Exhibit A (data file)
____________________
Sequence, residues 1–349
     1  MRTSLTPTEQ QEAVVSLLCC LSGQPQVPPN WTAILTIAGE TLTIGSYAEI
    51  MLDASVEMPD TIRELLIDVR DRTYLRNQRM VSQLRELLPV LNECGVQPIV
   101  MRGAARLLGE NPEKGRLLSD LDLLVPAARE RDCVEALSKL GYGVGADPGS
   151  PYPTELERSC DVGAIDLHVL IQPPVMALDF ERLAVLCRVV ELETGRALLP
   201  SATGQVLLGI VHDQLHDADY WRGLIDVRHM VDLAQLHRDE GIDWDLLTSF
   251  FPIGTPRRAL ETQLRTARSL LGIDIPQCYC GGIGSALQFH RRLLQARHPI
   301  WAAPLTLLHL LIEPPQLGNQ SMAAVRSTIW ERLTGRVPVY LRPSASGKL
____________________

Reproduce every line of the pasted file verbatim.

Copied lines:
Sequence, residues 1–349
     1  MRTSLTPTEQ QEAVVSLLCC LSGQPQVPPN WTAILTIAGE TLTIGSYAEI
    51  MLDASVEMPD TIRELLIDVR DRTYLRNQRM VSQLRELLPV LNECGVQPIV
   101  MRGAARLLGE NPEKGRLLSD LDLLVPAARE RDCVEALSKL GYGVGADPGS
   151  PYPTELERSC DVGAIDLHVL IQPPVMALDF ERLAVLCRVV ELETGRALLP
   201  SATGQVLLGI VHDQLHDADY WRGLIDVRHM VDLAQLHRDE GIDWDLLTSF
   251  FPIGTPRRAL ETQLRTARSL LGIDIPQCYC GGIGSALQFH RRLLQARHPI
   301  WAAPLTLLHL LIEPPQLGNQ SMAAVRSTIW ERLTGRVPVY LRPSASGKL